Winsome, here's how I see it:
The Reformation wasn't really the upheaval that many people assume it to be. Luther, Calvin, etc. each began from the assumption that Catholic doctrine was essentially sound, but each tweaked it in their own way.
Hence, there's valid truths in Catholicism. There's valid truths in Orthodoxy. And each Protestant variant has its own good and valid truths. But you'll rarely find THE truth by going from one extreme to another.
The problem with the Ref was that it didn't really go back to the Bible. They began with a flawed system and altered it in many ways.
Want to find the truth? Forget the old traditions and start with the Bible, without the baggage of the old ways. You might be surprised at what you find.
Of course (LOL), as a Lutheran now, I disagree...
While you are spot on that Luther (and Reformed and Anglican theologians) did not go to ground zero and re-invent everything, nor do we think they should have (That would include deciding - from scratch - what is and is not Scripture, the Trinity, the Two Natures, etc.).
IMHO, Luther DOES "buy" into a lot of the western, Catholic "mind set" - including original sin, a rather judicial soteriology (both a result, in part, of his fasination with St. Augustine and the Book of Romans), and a strongly cognative/theological emphasis. As a former Catholic myself, this - in many ways - made Lutheranism perhaps easier to "get" than Orthodoxy would be. But, I gladly admit, my many conservations with Orthodox friends (rarely online, my Orthodox conservations of merit have all been personal) have impressed me greatly. And moved me with a profound sense of mystery, an emphasis on worship and spirituality rather than dogma, an emphasis on US rather than denominational institutions. In all these things, I feel passionately that Lutherans and Orthodox share some stuff and are closer, but we are children of Catholism - and it shows.
But to the issue: I think western Christianity (until recent embraces of relativism) was probably guilty of "over-thinking" and of just taking ourselves and our theories too seriously. The church is US - not me. The church is about God and our relationshp with him - not factoids. The "vicarious atonement" concept (largely from St. Augustine) largely embraced by Calvinists (and much of Protestantism, historically anyway) makes a lot of sense to me - but I hesitate to call it dogma. Luther often spoke in terms that Lutheran Gustaf Aulen and (then Lutheran) Jaroslav Pelikan called the "Christus Victor" atonement view, and others have been suggested in Christianity. But, from my readings in Lutheran Confessions or my Lutheran Dogmatics books, there is no one theory presented dogmatically. Rather, the teaching is this: Justification is by God's grace in Christ embraced by faith in Christ. Not much more than that is affirmed doctrinally. So, while CURRENTLY I tend to embrace the Vicarious Atonement/Augustian/judicial view as the one that is most helpful to me, I'm not in nay sense dogmatic about that and I've very open to other views. And I wonder if ALL these various theories are a bit moot, a bit over thinking, a bit taking away from the glorious and wonderful Gospel: JESUS is the Savior, salvation is found in the Cross of Christ. WHY that is true is a nice question, but not one I MUST answer - definitively, dogmatically.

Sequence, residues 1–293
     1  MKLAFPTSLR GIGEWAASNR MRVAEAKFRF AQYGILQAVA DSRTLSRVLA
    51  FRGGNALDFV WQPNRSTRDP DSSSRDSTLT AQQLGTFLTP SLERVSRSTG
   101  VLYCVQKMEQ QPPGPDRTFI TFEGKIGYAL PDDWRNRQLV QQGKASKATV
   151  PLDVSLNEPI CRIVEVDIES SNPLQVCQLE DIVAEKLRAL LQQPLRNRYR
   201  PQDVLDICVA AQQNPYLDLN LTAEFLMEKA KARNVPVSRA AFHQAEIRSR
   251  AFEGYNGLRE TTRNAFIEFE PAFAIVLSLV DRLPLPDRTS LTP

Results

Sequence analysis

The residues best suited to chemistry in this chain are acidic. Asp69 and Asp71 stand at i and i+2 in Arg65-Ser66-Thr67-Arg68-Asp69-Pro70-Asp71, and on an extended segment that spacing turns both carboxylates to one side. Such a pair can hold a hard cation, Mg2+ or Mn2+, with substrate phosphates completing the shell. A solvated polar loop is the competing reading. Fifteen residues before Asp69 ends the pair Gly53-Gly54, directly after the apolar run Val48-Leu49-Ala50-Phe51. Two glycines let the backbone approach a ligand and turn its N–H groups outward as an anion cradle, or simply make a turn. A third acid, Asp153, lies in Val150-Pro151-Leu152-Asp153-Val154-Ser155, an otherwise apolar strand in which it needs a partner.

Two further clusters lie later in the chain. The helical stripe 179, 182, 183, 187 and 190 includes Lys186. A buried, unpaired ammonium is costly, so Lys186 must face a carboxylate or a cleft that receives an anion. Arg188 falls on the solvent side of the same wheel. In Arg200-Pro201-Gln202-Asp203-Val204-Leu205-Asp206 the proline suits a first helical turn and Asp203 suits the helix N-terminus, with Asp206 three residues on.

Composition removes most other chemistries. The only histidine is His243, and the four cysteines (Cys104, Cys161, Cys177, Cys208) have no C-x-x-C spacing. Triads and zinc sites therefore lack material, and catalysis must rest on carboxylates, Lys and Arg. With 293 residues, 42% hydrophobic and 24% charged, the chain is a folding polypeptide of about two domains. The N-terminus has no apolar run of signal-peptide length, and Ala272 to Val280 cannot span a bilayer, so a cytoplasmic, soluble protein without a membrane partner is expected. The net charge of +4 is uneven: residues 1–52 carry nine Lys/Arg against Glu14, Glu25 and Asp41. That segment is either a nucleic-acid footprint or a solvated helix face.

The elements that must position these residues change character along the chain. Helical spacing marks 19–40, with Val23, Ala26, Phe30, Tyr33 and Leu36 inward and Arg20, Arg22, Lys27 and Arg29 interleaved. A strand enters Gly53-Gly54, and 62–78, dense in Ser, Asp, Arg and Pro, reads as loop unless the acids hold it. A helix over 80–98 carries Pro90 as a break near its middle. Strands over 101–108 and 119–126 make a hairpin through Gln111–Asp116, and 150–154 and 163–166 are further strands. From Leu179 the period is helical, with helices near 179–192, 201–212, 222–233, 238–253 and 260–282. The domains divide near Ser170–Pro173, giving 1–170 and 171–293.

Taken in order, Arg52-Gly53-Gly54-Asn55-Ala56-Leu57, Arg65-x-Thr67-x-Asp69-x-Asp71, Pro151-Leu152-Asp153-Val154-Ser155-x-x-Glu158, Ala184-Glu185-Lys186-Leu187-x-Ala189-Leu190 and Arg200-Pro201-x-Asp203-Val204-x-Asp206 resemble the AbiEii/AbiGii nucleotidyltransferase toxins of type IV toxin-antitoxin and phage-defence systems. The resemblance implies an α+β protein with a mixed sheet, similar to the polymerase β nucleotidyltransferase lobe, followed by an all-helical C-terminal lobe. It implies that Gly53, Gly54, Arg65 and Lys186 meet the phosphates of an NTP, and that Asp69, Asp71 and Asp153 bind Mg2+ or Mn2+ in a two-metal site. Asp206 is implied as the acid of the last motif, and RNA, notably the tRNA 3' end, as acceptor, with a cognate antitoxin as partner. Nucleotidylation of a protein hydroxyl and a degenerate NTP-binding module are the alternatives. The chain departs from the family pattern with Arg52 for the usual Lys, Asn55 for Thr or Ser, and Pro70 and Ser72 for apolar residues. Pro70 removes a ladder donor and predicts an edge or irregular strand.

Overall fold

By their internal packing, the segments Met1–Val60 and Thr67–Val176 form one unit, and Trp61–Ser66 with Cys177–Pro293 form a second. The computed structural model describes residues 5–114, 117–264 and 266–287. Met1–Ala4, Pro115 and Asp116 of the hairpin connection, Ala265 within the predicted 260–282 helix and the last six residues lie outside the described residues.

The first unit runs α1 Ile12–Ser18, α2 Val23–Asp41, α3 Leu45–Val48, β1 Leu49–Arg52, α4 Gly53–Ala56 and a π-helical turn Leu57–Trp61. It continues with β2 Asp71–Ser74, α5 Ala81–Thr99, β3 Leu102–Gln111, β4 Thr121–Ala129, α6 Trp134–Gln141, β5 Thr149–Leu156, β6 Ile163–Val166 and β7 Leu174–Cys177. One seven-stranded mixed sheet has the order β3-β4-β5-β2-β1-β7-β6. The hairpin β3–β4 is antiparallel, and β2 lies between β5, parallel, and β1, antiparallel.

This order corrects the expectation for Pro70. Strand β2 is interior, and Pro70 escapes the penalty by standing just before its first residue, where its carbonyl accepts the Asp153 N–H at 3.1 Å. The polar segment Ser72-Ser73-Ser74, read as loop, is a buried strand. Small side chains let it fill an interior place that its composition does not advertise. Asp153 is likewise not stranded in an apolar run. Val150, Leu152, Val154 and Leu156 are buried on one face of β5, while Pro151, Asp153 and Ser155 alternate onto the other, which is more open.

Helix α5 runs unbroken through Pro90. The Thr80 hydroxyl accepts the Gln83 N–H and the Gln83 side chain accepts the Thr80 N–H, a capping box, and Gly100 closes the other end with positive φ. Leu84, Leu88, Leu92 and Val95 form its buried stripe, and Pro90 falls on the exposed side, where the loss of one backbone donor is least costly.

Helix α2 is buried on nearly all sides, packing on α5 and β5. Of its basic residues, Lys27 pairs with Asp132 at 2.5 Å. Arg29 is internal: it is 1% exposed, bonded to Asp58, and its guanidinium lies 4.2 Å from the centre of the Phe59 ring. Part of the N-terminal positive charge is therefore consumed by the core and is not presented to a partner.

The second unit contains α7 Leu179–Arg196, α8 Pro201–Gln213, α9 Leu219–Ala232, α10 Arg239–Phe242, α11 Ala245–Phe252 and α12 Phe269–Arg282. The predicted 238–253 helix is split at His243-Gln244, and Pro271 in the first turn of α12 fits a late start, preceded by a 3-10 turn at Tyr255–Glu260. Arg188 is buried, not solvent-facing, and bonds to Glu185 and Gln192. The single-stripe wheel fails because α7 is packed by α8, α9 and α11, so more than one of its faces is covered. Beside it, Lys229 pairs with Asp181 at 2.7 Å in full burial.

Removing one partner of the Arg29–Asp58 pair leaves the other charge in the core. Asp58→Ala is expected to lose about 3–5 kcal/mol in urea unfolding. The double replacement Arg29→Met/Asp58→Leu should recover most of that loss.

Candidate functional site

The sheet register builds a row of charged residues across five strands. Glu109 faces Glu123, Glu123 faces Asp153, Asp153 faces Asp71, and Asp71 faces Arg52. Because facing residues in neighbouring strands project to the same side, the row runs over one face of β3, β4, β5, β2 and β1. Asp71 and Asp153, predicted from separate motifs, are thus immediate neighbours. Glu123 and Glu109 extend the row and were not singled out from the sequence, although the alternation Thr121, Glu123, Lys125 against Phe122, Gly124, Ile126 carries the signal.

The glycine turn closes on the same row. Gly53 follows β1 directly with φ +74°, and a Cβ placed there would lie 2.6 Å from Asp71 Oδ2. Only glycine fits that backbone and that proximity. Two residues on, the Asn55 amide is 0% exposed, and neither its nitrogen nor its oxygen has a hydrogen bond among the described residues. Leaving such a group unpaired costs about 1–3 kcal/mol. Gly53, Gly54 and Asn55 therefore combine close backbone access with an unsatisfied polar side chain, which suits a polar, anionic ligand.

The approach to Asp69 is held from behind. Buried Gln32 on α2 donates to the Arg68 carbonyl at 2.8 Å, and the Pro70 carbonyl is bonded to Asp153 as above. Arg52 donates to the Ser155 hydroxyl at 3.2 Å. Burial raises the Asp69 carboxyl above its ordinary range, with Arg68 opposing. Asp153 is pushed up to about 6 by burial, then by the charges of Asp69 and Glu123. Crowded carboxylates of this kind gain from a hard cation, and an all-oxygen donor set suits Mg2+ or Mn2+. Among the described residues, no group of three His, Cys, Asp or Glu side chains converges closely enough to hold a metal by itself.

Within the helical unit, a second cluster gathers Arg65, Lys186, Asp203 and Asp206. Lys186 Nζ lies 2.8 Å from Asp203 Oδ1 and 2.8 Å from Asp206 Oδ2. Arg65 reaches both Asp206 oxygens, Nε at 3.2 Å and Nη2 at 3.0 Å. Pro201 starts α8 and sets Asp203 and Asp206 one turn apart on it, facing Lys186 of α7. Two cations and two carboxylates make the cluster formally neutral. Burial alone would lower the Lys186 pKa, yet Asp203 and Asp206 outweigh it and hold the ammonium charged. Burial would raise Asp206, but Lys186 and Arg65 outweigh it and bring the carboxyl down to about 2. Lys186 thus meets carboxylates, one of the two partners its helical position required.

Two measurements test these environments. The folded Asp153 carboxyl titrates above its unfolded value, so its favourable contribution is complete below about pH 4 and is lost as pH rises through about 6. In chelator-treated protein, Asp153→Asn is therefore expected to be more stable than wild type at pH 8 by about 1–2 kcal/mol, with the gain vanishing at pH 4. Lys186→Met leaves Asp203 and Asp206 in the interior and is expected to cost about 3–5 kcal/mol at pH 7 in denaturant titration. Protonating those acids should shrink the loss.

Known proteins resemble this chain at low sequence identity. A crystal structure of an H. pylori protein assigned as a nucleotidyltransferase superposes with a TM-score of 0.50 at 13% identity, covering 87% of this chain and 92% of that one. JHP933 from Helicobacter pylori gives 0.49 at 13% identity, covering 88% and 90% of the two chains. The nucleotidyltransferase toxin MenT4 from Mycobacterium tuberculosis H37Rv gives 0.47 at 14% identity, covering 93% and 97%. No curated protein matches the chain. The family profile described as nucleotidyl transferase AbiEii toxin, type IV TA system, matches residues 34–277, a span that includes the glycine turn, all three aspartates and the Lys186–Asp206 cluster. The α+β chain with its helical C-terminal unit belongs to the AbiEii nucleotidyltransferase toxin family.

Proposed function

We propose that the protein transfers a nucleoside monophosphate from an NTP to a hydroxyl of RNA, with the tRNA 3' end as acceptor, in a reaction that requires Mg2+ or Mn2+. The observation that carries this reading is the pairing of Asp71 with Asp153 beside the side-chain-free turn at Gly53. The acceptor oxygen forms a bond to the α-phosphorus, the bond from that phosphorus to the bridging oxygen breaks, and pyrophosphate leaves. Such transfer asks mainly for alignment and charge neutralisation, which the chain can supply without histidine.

To the issue of SIN, I tend to embrace this rather as instructed in my Catholic years by Catholic teachers. That a part of our fallenness is a sin, a brokenness, a twistedness. It's simply a part of our nature; not by virtue of our DNA but of our relationship to Adam. This is just a part of who we are. This is what we mean by "original sin." Now, it CAN have symptoms, which we all "actual sins." Just as when I have a cold. I may have symptoms of such (caughs, sneezes, running nose). I may not - but I probably (at some point) will. Perhaps, with good cold meds, I can make those symptoms disappear but I still have the cold (there's a danger in that I may THINK I don't!). Symptoms may be sins of thought, word or deed. It may be those things done or not done - things I should have said or done or thought - but did not, things I should NOT have said or thought or done - but did. Those Lutherans call SINS (or again, actual or actualized sins). Example: I shoot my neighbor. Is my pulling the trigger and aiming the gun at my neighbor, killing him, is that a sin? I think so. But the heart of the matter is MUCH deeper than that! It started with something twisted in me, something that caused hate and disrepect and a lack of love to overtake me, something that lead to me pulling the trigger. Now, maybe I did NOT shoot my neighbor - but that doesn't mean I'm without sin, it only means that symptom didn't materialize (good thing!). We are sinners, we don't always necessarily sin. Sins flow from our heart, from what's inside of us - not the other way around. That's MY (probably very western) view...
I hope I didn't in any way divert the thread, the opening post is a good one from my perspective, too.